After reading news coverage of Lance Lucas pleading guilty in federal court to bribing former Delegate Cheryl Glenn for among other things, medicinal cannabis licenses, you would be forgiven for reveling in the ridiculous details. Lucas meeting Glenn in his Porsche and handing her envelopes full of cash. Lucas boasting that bribing a legislator is “the least illegal thing” he has done and comparing himself to “007” because he is very good at keeping a secret, and so on. Meanwhile, Glenn, presumably to boost the amount of money she was receiving, invented a sympathetic delegate who also needed to be paid off and by the time she was taking money from Lucas, was already cooperating with the F.B.I.
It is the stuff of movies and worth reading the guilty plea in its entirety (embedded at the bottom of this post) if you have not already.
But the sordidness of the guilty plea along with a general disinterest by most of the press when it comes to the nuances of cannabis have made this just another story of corruption in hopelessly corrupt Baltimore. The guilty plea, however, has major implications for the future of the cannabis industry in Maryland.
Namely, it further complicates debates about racial equity. The medicinal cannabis licensing process favored white growers and processors and the attempts to adjust that inequity since 2016 have not been very successful. And there’s the fact that Glenn was a major advocate for black growers and processors and yet, she was taking bribes from growers and processors from a number of people, including Lucas, a black entrepreneur.
So, there are circles of corruption now. As many, including Joe Gaskins of the African-American Cannabis Association, argued, the limited license was a scheme from the start. “A few well-connected, out of state, wealthy white men orchestrated a heist from the beginning,” Gaskins said last month at a hearing regarding cannabis licenses.
If there are two “sides,” to the racial equity conversation, it is between those who got licenses and some of those who should have gotten licenses. And there was something like a compromise in the introduction of another round of licenses—an idea proposed and pushed by Glenn who then used the prospect of additional licenses to collect bribes.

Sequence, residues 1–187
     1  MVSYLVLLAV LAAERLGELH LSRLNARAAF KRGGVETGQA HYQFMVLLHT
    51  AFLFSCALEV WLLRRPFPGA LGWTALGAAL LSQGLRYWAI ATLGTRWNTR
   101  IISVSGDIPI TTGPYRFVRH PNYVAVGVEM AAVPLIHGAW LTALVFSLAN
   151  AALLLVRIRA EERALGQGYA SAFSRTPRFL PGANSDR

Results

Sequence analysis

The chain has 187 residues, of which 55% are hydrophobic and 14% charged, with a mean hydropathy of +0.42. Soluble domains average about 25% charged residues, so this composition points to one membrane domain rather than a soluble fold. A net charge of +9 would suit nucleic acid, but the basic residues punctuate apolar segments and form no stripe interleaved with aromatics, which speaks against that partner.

Lucas’ guilty plea also connects the Maryland Medical Cannabis Commission (MMCC) into this controversy. Back in January, after Glenn pleaded guilty, the executive director of the MMCC William Tilburg, addressed concerns about corruption. He said Glenn did not provide feedback on any specific applicants: “No one has had any access to any nonpublic information,” Tilburg said at the time. “There were a lot of measures put into place by commissioners to ensure the impartiality of the evaluation process.” Lucas’ guilty plea presents attempts by Glenn to work around the “double blind” elements of the evaluation process to choose who was approved for a license.
The MMCC’s chair Brian Lopez is also referenced in the Lucas guilty plea. In late August 2018, according to the guilty plea, Glenn organized a meeting involving Lucas, people involved in an unnamed cannabis growing or processing company, and the then-chair of the MMCC. Lopez is not named but he was the chair then and is still the chair. Glenn later received money from Lucas for setting up the meeting with Lopez. There is nothing to suggest Lopez did anything wrong, and when Tilburg addressed the Glenn scandal, there was no reference to this meeting.
And this is where the speculation begins. After discussing the guilty plea with a number of people within the cannabis industry in Maryland, The Outlaw Report heard a number of the same questions and concerns. For example, given the years-long controversy surrounding licensing, some wondered why the MMCC did not mention that its chair had a meeting with a delegate who has since been indicted for taking bribes tied to licensing. One possibility is that the MMCC has been assisting with the corruption investigation.
The bigger question is who are the two companies Lucas claimed to be representing? The guilty plea refers to a “Company 2” and “Company 3” that Lucas bribed Glenn on behalf of in order to get them licenses or at least a better chance of getting a license. At the first full meeting of the MMCC back in February, the commission approved three dispensaries and gave nine dispensaries extensions on their timeline to be “licensed and operational.” By the time that meeting occurred on February 20, Lucas had already signed his plea agreement, which was dated February 4, but was not unsealed until his guilty plea on March 9. If either of the companies who Lucas was bribing on behalf of were approved, it could wreak further havoc on the medicinal cannabis industry.
One way to begin fixing the corruption issues, according to Delegate Darryl Barnes, the current chair of the Legislative Black Caucus, is House Bill 1449. The bill simply removes the number of licenses that can be given out and opens up medicinal cannabis to the free market and therefore, does away with any license caps and avoids the fraught attempts by MMCC and legislation to account for racial equity. Barnes has argued that HB 1449 solves the racial equity and corruption problem all at once.
“Opening up this license pool cuts down on the corruption, makes it more transparent, and it gives people an opportunity,” Barnes said at a February hearing for HB 1449.
But with the legislative session ending early due to the coronavirus, HB 1449, which has not passed either the House or the Senate, will most likely go nowhere this year.
For now, cannabis industry insiders wait for another indictment or guilty plea and whisper among themselves.